If this sounds far-fetched -- surely two big companies with a shared interest in Java could reach some agreement -- consider this: Forrester Research analysts John Rymer and Jeffrey Hammond wrote Jan. 21: "IBM and Oracle are arch competitors, leading us (and many others) to believe that they'd never agree on a common direction for Java... Many, including Forrester, had forecast a split between the two on Java due to their often bitter competition in enterprise software." Their report, "The Future of Java," concludes a surprising rapprochement has taken place.
Oracle had the possible enticement of renewing IBM's Java license for an extended period. After years of tension with Sun, IBM probably welcomed the chance to renew on favorable terms. But Oracle obtained something it badly wanted as well. IBM had been contributing to the open source Java virtual machine being built by the Harmony Project. It had offered high-profile participation as a signal that it would stay the course and guarantee the emergence of a second source of reliable Java code. Instead, without a "fare thee well" to its former Apache collaborators, it abandoned the project last October and encouraged other contributors to do likewise. This was a major gain for Oracle.
Equally surprising, Oracle CEO Larry Ellison somehow elicited a pledge of support from his friend, Steve Jobs, before Jobs left Apple. In October, Jobs had dissed and deprecated Java in favor of his true love, Objective C. After a month of pained silence heard throughout the Java community, Oracle announced Nov. 12 that Apple will continue to support Java on the Mac operating system. "The best way for our users to always have the most up-to-date and secure version of Java will be to get it directly from Oracle," said Apple senior VP of engineering Bertrand Serlet. On the heels of Jobs' earlier comments, it was much more likely that Apple would produce its own version of Java or drop it altogether.
With both IBM and Apple firmly behind Oracle, no fork in Java occurred. Instead, a major realignment of forces had taken place in the Silicon Valley without anyone appearing to notice. While trying to pay attention, I admit I didn't know what it meant. I still don't know for sure, but I at least have a notion of what these parties are up to.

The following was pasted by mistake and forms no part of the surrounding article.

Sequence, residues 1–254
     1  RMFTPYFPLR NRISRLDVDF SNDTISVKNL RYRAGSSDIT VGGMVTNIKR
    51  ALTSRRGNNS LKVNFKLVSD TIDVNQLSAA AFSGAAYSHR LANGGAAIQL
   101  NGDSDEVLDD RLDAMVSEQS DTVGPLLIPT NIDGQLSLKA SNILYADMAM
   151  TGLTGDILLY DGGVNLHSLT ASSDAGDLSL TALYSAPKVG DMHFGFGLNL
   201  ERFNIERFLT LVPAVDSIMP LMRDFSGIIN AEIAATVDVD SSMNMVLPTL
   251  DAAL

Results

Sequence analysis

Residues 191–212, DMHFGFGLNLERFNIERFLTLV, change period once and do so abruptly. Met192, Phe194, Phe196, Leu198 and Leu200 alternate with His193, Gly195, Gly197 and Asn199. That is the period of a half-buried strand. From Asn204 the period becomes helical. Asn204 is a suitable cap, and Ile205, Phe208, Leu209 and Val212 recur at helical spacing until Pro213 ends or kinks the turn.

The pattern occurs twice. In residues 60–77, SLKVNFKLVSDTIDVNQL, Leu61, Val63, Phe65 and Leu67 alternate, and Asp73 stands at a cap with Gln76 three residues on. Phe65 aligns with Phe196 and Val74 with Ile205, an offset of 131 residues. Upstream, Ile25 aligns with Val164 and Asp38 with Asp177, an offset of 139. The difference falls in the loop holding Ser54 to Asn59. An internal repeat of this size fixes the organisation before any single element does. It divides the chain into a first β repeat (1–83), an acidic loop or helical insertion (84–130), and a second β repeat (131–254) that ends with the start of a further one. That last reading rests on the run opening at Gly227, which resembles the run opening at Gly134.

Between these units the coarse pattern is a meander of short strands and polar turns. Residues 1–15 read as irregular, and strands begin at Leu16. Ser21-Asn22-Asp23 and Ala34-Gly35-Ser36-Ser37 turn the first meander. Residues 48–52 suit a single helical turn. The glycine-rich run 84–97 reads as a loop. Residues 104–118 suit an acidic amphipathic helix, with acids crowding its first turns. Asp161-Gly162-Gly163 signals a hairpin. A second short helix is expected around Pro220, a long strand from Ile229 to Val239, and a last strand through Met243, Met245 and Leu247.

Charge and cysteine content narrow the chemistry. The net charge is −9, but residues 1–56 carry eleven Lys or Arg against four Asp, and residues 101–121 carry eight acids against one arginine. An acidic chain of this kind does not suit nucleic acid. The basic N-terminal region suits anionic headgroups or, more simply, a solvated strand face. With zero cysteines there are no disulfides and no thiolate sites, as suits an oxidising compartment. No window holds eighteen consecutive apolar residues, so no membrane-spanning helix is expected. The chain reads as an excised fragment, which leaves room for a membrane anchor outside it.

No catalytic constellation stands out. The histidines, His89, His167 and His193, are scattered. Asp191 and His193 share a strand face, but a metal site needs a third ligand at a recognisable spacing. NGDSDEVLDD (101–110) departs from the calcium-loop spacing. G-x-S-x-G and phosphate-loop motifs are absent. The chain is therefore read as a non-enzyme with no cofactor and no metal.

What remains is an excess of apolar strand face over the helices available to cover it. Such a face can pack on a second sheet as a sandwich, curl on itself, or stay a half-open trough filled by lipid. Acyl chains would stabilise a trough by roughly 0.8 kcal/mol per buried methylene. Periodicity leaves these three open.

But our story has to return to Apache's plight. Oracle needed the respected thinking and contribution of the Apache Foundation developers in the Java Community Process (JCP). Such is the standing of the foundation that its representatives have won the Member of the Year award four times in the 10 years it's been part of the group. It is routinely re-elected to the Java Executive Committee with 95% of the vote, and was so again a few days before its resignation, despite its known intent to challenge the continuation of work on Java 7 if Oracle refused certification for Harmony.
Oracle already has one powerful critic and competitor within the JCP, Google, whom it is suing for its use of a Java virtual machine variation in its Android mobile operating system. Just think how uncertain a vote might be if Google, IBM, and Apple were publicly aligned against Oracle's leadership of Java, not to mention criticism from the vaunted Apache developers.
With considerable political skill, Oracle neutralized that threat. Instead of an alliance behind Apache Harmony, it now has a powerful alliance behind OpenJDK. It needed Apache, but it needed IBM and Apple more.